Friday, 1 April 2016

Caseworking the entire population: the authoritarian approach

"SCOTLAND, like the rest of the UK and much of Europe, is an increasingly unequal society."

"Poverty and inequality are what stunt childrens lives and these things cannot be tackled by caseworking the entire population of children. Instead, housing, jobs, income, education, health services and the environment are the basis for the overall wellbeing of children. It is these that are, or should be, the business of government, rather than the micro-management of family life."

"However micro-managing is just what the 'Named Person' law, and the Getting It Right For Every Child policy it comes from, set out to do. These measures are part of the popular un-progressive dogma that it is predominantly parentsbehaviour and choices that shape childrens lives...."

"This and the relentless focus on 'risk' have created an authoritarian rather than a supportive approach, certainly in social work, my own profession. This has made child and family social work increasingly disliked and distrusted among the very families who should be being helped, and made the job increasingly stressful for social workers."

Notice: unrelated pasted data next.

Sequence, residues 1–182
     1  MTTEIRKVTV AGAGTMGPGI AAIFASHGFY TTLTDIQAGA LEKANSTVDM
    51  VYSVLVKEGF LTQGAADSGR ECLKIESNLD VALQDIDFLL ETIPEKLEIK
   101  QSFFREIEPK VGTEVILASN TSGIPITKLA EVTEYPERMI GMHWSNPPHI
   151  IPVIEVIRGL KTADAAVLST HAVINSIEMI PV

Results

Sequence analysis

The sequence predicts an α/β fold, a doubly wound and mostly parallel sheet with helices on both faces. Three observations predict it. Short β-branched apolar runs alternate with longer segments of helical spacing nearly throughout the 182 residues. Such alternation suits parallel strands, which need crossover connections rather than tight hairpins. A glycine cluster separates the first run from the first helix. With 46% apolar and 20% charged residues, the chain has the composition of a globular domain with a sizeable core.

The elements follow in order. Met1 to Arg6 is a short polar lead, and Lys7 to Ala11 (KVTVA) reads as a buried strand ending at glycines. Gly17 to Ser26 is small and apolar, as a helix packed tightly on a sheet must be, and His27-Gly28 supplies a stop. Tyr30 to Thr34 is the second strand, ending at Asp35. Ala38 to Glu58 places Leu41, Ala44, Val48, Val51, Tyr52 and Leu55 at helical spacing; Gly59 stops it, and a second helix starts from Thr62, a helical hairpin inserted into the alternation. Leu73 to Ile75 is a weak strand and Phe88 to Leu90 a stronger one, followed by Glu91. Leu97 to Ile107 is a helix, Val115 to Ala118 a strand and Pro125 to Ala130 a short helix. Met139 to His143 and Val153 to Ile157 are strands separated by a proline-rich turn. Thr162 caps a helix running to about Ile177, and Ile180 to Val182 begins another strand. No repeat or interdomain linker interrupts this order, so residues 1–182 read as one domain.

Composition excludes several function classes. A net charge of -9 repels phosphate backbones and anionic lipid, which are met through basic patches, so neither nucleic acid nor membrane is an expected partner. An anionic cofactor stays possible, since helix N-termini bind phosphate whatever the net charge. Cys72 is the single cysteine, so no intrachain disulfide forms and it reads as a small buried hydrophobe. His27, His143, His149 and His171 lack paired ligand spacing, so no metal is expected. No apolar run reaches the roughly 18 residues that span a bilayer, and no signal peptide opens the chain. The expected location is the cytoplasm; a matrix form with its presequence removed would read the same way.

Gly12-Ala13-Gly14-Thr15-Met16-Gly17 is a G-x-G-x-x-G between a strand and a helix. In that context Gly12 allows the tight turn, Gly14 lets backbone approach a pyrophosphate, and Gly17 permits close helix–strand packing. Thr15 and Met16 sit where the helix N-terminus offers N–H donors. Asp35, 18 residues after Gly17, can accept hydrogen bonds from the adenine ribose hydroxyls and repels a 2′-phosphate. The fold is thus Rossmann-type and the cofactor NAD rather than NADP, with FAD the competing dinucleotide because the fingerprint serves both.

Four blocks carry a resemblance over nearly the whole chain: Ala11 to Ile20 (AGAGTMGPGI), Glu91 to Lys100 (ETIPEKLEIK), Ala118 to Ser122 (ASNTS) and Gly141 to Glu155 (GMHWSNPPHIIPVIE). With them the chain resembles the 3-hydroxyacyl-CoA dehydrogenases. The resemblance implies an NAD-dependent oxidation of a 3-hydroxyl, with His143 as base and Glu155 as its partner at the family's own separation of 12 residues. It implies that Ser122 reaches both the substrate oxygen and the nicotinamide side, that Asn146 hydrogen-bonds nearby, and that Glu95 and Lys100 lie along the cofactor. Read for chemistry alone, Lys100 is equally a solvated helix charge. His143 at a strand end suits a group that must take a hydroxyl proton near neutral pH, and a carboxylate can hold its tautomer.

"I believe that this authoritarian approach to families is being extended with the introduction of the Named Person legislation. Not only will there be more families under investigation, but stress and risk aversion will permeate further into education and health services."

"They, too, will be judged on factors that they cant control poverty, despair, stress caused by structural inequality. What we have with the Children and Young People Act and its Named Person provision is a conflation of need and of risk. It is in essence an attempt to 'casework' the whole population of children and families, and will bear particularly on the poor, the different, the most disadvantaged..."

"I have heard the justification that 'families are where children are abused' often, but families are more usually the place that keeps children safe and happy, and parents are more usually childrens defenders and champions against the often casual carelessness or cruelty of services. Children separated from their families in care and in schools are more vulnerable to abuse than children who remain within their families..."

"The Named Person role and responsibilities do not come with any power to allocate homes, food, clothes, holidays, home helps, or even just therapeutic or health services. There are fewer services on the ground providing practical help and those that do are facing the biggest cuts."

"But the Named Person juggernaut is set to roll on. I think that last paragraph says everything that needs to be said about wrong priorities for legislation and for services."

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